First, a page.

The Fugitive Poets Revisited, the Language that Unites and Divides the Arab World, and the Scandalous Victoria Woodhull
Good morning. I’m sure you’re as tired of the American Dirt fiasco as I am, but let me encourage you to read Stefan Beck’s piece in the latest issue of The Washington Examiner as a sort of final word: “American Dirt can be almost touchingly amateurish. Cummins’s syntax, metaphor, and imagery are tortured . . . Yet the book is too earnest to come across as truly mercenary. And the fact remains that many books fated to be megabestsellers are at least this awful. Real writers tremble with rage before the success of books such as The Da Vinci Code, Twilight, Fifty Shades of Grey, and (whet your battle-axes, nerds) the Game of Thrones series. Cummins’s fatal error was to profit from a book whose most rabid foes could plausibly disguise their resentment of her success as a principled stand . . . The first book with a Mexican protagonist published in the U.S. was The Life and Adventures of Joaquín Murieta: The Celebrated California Bandit in 1854. Like American Dirt, the novel was an honest attempt to explore injustice. Like American Dirt, it was full of racially insensitive caricatures and is damn near unreadable. Its author, John Rollin Ridge (who published as ‘Yellow Bird,’ his Cherokee name) was not Mexican. When it appeared last year as a Penguin Classic, no one complained. Hardly anyone even noticed. After all, dead men cash no checks.”
The “scandalous and pioneering” Victoria Woodhull: “She was the first woman to run for president, the first to address a congressional committee, and the first to own a brokerage on Wall Street. She was also a con artist, a gold digger, and a scandal magnet. When she ran for president in 1872, she sat out Election Day in a Manhattan jail, arrested on charges of obscenity. Victoria Woodhull was unquestionably a pioneer in women’s rights, yet her legacy is so messy and complicated that she remains an outlier in feminist history.”
Gerard Baker reviews Charles Moore’s “authorized and authoritative” biography of Margaret Thatcher.
Patrick Ryan reviews a new book on the complexity of the Arab world and the language that both unites and divides it: “Not all Arabs are Muslim, and not all of them understand each other when they speak; the many regional dialects of Arabic make an illiterate Arab farmer in Egypt unable to communicate easily with one in Syria. But both probably know that there is a language that unites them—and, at the same time, divides them. No one ordinarily speaks what is called al-fuṣḥȧ, the most elegant version of the language, but all educated Arabs recognize it as the best example of Arabic eloquence. The nationhood of the Arabs precedes the era of Muhammad in the development of Arabic oral literature, especially pre-Islamic Arabic poetry. As Mackintosh-Smith aptly remarks, however, ‘written Arabic is no one’s mother-tongue: speakers of Arabic have to learn to read and write in a “foreign” language.’”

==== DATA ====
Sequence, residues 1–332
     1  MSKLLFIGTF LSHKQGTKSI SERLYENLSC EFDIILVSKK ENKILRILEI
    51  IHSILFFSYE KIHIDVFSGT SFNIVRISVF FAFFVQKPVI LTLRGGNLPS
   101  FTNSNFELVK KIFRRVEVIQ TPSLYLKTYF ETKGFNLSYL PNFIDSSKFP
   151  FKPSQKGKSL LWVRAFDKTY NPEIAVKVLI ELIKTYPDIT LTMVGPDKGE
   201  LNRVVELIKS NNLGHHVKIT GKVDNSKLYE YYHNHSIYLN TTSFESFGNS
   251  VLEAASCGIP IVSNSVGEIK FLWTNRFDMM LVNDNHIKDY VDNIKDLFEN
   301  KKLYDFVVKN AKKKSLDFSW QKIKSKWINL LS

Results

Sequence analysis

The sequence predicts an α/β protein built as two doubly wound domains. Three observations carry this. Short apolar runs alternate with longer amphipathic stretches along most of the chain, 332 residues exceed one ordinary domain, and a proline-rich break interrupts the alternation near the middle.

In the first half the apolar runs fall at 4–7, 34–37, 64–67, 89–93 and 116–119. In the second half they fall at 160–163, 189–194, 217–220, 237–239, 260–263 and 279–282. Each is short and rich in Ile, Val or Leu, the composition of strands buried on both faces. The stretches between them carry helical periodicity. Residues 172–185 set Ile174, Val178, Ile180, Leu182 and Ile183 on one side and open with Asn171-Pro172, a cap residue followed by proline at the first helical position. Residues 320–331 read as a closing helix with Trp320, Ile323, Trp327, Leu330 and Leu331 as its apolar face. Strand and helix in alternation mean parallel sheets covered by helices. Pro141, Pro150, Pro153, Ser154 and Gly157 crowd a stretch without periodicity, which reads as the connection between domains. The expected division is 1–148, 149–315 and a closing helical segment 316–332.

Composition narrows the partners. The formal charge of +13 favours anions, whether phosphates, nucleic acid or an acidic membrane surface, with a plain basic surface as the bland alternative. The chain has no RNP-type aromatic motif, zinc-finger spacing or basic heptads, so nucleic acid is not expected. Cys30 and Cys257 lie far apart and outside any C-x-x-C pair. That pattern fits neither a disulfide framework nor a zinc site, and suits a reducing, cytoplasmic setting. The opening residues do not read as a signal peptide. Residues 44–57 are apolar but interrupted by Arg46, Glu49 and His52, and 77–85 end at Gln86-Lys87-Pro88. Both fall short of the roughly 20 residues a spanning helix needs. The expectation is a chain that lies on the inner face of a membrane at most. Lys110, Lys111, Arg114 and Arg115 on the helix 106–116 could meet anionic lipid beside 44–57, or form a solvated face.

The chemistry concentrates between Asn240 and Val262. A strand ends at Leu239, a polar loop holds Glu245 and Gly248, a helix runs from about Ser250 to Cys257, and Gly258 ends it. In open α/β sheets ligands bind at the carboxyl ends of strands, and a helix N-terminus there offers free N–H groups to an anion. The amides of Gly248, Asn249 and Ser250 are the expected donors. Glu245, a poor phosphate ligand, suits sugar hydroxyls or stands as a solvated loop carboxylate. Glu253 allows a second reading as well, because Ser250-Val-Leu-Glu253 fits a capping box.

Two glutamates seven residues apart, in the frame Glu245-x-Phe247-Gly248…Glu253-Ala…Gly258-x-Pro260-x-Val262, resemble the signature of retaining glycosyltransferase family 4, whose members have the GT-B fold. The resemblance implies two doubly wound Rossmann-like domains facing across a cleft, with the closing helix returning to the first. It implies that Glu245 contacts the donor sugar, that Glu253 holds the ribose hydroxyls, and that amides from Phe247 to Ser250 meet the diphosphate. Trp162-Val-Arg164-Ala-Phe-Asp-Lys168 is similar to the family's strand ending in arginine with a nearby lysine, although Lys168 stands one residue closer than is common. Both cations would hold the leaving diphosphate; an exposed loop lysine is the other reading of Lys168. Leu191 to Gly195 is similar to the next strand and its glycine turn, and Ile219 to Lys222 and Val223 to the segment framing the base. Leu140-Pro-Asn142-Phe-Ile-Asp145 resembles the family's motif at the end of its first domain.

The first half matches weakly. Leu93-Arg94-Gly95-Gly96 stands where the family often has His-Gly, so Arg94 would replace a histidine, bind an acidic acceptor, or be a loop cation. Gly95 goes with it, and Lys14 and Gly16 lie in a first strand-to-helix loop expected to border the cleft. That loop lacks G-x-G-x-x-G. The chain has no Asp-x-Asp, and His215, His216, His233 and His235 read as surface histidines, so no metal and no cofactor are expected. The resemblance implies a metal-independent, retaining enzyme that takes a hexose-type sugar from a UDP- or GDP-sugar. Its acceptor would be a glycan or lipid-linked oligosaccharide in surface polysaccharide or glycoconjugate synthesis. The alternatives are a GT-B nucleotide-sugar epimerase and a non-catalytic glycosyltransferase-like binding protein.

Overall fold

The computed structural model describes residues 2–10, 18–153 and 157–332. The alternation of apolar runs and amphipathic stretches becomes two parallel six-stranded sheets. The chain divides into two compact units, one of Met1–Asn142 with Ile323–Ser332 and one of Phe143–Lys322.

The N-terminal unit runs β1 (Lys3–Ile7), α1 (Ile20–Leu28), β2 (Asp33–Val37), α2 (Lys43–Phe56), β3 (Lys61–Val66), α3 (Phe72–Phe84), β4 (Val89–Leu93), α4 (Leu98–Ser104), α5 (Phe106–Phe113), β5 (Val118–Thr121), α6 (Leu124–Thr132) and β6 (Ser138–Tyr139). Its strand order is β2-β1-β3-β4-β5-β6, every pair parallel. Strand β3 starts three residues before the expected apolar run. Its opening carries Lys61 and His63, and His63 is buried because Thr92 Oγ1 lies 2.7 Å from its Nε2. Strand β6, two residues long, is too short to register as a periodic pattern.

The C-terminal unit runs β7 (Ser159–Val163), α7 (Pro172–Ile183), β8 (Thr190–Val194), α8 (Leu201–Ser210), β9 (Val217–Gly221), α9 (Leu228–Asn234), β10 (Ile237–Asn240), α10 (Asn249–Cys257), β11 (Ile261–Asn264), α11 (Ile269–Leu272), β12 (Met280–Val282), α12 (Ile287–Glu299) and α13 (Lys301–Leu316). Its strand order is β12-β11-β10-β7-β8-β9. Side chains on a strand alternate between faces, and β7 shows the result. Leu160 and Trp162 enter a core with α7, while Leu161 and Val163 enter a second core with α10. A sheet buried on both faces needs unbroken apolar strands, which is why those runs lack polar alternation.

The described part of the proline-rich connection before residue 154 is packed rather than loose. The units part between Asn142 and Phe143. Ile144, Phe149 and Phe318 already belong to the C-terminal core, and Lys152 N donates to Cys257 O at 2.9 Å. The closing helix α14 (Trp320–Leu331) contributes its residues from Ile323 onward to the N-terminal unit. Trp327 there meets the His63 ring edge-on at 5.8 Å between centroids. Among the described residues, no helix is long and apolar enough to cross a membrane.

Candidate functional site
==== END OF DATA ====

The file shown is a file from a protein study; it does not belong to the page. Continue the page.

The late Cleanth Brooks is inducted into the Kentucky Writers Hall of Fame: “Since its formation in 2013, the hall has inducted 44 writers. Among its inductees are Hunter S. Thompson, Sue Grafton, Barbara Kingsolver and many others. Brooks joins fellow Purchase Area natives Bobbie Ann Mason, of Mayfield, and Paducah’s Irvin Cobb as hall inductees.”
John Wilson reviews a book on how a Chicago neighborhood has and hasn’t changed—and how neighborhoods shape our “sensibility.”
Essay of the Day:
In The Hudson Review, Mark Jarman writes eloquently about his love for the Fugitive poets:
“Here’s a story about never becoming a Southern poet, even after 40 years of living and writing poetry in the South. It is also about loving the poetry of the Fugitives, the poets who in the 1920s lived in Nashville, Tennessee, and formed a private workshop for themselves, where they could share their poetry and speak seriously about being modern and not throwbacks to the nineteenth century. There is no doubt that they were Southern poets, born and raised in the South, two conditions which to this day define a Southern poet, whose regionalism, white or black, is essential. The Fugitives included Vanderbilt University faculty John Crowe Ransom and Donald Davidson, and Vanderbilt students Allen Tate and Robert Penn Warren. These four are the most famous of the group, but those whose names are not as well-known were as serious as they about writing mainly in classical meter and rhyme, like W. B. Yeats and Thomas Hardy, while recognizing the innovations of T. S. Eliot and Ezra Pound. That such a group existed in Nashville in the 1920s is notable in itself. This essay, part memoir, is about knowing their poetry and admiring them as poets long before I knew I would live where they lived and teach where they taught, while recognizing they left a particular legacy to the South and Southern poetry that I would never be able to claim. Now that I am about to retire from Vanderbilt University, the school where some of them taught for many years, I think I owe it to the Fugitives and to whatever we might call Southern poetry to declare my love and my outsiderness. Never having been of them, I think I can speak about them in a way others from the same background may not be able to. The Fugitives are not so close to me that I have to apologize for them, but they are close enough as poets that I can express my gratitude.”
Photo: Saint John at Kaneo
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